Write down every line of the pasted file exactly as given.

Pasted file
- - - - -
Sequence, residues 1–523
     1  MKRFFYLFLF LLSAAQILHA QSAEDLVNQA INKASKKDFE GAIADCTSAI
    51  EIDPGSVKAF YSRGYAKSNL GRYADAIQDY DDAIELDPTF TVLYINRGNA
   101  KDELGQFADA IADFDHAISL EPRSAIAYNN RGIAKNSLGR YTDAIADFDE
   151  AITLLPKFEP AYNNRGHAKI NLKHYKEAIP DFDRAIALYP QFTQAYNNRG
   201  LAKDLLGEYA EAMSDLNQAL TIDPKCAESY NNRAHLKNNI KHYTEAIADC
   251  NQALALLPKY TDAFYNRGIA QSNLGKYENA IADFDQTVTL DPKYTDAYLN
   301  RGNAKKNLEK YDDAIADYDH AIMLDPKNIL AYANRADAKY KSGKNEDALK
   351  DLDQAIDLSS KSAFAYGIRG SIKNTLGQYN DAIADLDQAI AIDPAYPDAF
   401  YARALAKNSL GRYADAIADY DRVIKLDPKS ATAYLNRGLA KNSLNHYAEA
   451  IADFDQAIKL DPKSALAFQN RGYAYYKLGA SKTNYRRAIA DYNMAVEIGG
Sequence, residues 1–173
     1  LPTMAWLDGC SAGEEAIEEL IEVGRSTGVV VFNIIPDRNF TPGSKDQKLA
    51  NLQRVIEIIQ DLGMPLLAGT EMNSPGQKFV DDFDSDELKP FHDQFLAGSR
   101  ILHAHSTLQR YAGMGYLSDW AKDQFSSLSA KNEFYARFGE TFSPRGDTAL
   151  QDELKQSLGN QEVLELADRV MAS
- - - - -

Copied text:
Sequence, residues 1–523
     1  MKRFFYLFLF LLSAAQILHA QSAEDLVNQA INKASKKDFE GAIADCTSAI
    51  EIDPGSVKAF YSRGYAKSNL GRYADAIQDY DDAIELDPTF TVLYINRGNA
   101  KDELGQFADA IADFDHAISL EPRSAIAYNN RGIAKNSLGR YTDAIADFDE
   151  AITLLPKFEP AYNNRGHAKI NLKHYKEAIP DFDRAIALYP QFTQAYNNRG
   201  LAKDLLGEYA EAMSDLNQAL TIDPKCAESY NNRAHLKNNI KHYTEAIADC
   251  NQALALLPKY TDAFYNRGIA QSNLGKYENA IADFDQTVTL DPKYTDAYLN
   301  RGNAKKNLEK YDDAIADYDH AIMLDPKNIL AYANRADAKY KSGKNEDALK
   351  DLDQAIDLSS KSAFAYGIRG SIKNTLGQYN DAIADLDQAI AIDPAYPDAF
   401  YARALAKNSL GRYADAIADY DRVIKLDPKS ATAYLNRGLA KNSLNHYAEA
   451  IADFDQAIKL DPKSALAFQN RGYAYYKLGA SKTNYRRAIA DYNMAVEIGG
Sequence, residues 1–173
     1  LPTMAWLDGC SAGEEAIEEL IEVGRSTGVV VFNIIPDRNF TPGSKDQKLA
    51  NLQRVIEIIQ DLGMPLLAGT EMNSPGQKFV DDFDSDELKP FHDQFLAGSR
   101  ILHAHSTLQR YAGMGYLSDW AKDQFSSLSA KNEFYARFGE TFSPRGDTAL
   151  QDELKQSLGN QEVLELADRV MAS